Runners give a lot of credit to their legs for getting them past the finish line, but forget about the upper body which keeps them stable while running. You would see quads and hamstrings get a rub down after intense workouts, but beginners often forget that your upper body is equally vital to running with the right form, and thus minimising injuries. Routines focusing on the lower body often take priority on strength-training days. Several runners are also under the misplaced notion that working towards a ‘bulky’ upper body may lead to reduced flexibility and slower performance on the field.
In reality, your arms and shoulders play an important role in endurance training. As your foot strikes the ground, your arms maintain a rhythmic motion complementing the movement of your legs—this helps in conserving energy. Meanwhile, your shoulders, if positioned as per proper running form, allow the diaphragm to expand to its fullest extent to ensure adequate oxygen supply. A stable upper core also helps in preventing excess rotation of the body during running, which further reduces wasted motion.
Keep yourself moving forward with these 4 upper body workouts and strength exercises that target core areas such as your shoulders, arms, biceps and elbows. You can perform these upper body workouts 2-3 times per week, preferably on your strength training days or when you hit the gym. Don’t forget 5-10 minutes of warm-up before the workout and take the advice of a trainer while choosing your weights, especially if you’re new to strength training.
• Start standing, feet hip-width apart. Hold five-pound dumbbells at your sides with the backs of your hands facing forward.
• Lift the dumbbells straight up to the level of your chest, keeping the palms facing towards your body.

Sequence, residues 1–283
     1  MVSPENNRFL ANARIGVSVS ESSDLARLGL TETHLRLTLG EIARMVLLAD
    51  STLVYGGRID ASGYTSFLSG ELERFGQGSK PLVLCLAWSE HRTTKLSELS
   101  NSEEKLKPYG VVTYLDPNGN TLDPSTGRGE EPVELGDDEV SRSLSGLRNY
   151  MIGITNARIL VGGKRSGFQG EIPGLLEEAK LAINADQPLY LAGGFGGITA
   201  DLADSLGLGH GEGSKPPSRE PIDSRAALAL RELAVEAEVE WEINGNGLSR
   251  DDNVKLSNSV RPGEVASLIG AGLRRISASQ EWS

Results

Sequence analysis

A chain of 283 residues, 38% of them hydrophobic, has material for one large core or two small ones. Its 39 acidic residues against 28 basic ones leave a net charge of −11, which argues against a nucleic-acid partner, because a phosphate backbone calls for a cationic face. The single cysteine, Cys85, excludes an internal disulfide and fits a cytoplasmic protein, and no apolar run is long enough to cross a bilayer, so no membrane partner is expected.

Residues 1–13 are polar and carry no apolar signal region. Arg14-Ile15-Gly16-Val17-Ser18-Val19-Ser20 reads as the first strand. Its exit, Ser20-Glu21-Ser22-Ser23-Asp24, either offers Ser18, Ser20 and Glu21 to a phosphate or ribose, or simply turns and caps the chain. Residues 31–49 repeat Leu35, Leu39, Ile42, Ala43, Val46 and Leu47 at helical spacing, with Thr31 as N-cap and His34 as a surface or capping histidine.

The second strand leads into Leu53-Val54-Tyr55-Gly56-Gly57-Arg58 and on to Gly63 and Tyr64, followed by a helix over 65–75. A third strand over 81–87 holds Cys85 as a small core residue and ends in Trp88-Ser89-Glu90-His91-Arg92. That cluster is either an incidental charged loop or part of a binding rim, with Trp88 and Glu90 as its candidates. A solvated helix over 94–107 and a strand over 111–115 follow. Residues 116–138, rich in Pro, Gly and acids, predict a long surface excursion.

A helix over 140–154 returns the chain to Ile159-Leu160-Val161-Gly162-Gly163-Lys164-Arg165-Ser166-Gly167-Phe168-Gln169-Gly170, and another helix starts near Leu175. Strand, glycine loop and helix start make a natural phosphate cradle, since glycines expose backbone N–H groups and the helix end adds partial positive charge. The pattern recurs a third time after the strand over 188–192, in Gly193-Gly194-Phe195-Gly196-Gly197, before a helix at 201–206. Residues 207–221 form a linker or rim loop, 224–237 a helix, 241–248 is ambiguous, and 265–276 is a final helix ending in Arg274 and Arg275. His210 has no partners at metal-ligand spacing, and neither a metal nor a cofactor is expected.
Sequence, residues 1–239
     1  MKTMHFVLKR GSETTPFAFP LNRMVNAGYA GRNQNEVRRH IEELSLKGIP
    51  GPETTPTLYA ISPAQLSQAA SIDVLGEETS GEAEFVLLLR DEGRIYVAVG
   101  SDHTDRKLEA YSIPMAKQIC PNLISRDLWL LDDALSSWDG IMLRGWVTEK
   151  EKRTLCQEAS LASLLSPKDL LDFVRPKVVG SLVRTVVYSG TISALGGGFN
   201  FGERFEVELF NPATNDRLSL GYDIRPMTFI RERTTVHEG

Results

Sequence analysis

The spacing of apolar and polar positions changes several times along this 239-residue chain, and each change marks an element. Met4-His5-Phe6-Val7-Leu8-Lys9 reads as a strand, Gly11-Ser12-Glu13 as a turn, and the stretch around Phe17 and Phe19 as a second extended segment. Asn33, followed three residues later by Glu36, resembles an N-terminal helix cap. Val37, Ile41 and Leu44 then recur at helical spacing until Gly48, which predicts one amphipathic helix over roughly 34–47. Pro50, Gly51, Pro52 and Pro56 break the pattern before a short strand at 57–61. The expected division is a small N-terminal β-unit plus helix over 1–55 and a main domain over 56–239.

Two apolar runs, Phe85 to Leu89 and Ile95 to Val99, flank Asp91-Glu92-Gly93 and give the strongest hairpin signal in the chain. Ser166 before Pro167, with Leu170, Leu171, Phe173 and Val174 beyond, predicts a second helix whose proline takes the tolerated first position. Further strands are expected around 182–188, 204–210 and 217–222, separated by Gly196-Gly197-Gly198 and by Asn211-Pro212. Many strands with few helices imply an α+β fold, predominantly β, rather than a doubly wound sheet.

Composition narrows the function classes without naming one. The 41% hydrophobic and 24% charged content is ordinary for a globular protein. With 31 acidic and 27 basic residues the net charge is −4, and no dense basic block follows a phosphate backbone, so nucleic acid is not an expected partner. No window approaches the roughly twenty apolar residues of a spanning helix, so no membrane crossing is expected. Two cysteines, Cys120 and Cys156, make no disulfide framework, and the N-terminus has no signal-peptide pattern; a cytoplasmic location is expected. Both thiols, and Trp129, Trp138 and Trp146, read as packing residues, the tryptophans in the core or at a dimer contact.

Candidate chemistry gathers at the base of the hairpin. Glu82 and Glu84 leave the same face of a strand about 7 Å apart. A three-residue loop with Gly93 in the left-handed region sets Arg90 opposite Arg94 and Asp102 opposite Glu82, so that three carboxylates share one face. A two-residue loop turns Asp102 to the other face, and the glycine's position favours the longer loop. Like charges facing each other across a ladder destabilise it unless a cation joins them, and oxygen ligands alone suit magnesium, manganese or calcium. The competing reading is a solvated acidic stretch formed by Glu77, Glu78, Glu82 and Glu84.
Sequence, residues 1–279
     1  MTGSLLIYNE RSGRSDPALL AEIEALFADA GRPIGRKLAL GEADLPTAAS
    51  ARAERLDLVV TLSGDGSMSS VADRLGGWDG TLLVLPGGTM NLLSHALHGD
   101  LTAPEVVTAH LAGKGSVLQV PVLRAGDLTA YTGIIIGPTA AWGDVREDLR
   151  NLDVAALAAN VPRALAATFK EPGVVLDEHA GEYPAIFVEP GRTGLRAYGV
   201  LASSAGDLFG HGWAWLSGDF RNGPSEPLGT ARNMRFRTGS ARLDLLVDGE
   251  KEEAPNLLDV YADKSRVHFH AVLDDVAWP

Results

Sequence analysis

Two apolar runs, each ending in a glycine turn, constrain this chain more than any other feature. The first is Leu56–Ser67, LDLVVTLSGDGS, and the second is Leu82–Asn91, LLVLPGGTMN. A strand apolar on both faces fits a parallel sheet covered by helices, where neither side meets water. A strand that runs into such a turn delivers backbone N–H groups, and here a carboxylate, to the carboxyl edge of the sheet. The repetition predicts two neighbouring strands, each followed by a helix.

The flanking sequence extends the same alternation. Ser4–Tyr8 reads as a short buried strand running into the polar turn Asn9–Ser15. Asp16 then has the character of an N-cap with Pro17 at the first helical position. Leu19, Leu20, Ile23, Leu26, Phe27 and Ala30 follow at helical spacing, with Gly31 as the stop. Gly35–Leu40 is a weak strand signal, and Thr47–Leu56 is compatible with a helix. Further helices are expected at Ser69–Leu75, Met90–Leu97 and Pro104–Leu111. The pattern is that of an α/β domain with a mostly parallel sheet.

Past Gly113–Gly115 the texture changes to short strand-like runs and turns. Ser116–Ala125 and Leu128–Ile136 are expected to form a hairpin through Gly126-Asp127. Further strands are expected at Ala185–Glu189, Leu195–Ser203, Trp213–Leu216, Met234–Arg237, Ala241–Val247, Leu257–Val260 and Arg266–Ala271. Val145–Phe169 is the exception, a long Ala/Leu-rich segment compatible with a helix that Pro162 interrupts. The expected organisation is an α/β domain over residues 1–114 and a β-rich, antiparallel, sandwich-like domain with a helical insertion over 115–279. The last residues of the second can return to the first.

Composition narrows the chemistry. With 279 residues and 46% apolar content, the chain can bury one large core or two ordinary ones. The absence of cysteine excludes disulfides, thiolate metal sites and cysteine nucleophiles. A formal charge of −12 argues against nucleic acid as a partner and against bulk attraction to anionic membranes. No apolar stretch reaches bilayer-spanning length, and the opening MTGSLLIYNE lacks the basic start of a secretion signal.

• Lower back to the starting position. Repeat this 12-15 times in three sets.
• Stand with your feet hip-width apart and arms relaxed at your sides, holding the dumbbells such that your palms face inward toward your body.
• Shrug your shoulders up to your ears, hold it for four counts. Slowly release your shoulders. Repeat this 20 times in three sets.
• You can do chair dips anywhere you find a sturdy chair. Start by sitting at the edge with your hands secure on the chair so that you don’t slip off. Your knees should not bend past your toes.
• Slowly lower your body downward. Be careful that your elbows don’t bend to an angle smaller than 90 degrees.
• Extend your arms, raising your body upward and support your weight with your arms. Beginners can try 1 set of 6 to 8 reps. More conditioned exercisers can try 3 sets of 10-12 reps.
• Start in an elevated plank position with a medicine or kettle ball under your body for your palms to land on. Your hands will be slightly inside shoulder-width.
• Bend both elbows and lower down until your chest hovers above the floor. Your elbows will flare out as you lower yourself, while pressing down on the ball in front of you.
• Do about 5 -10 reps if you’re a beginner.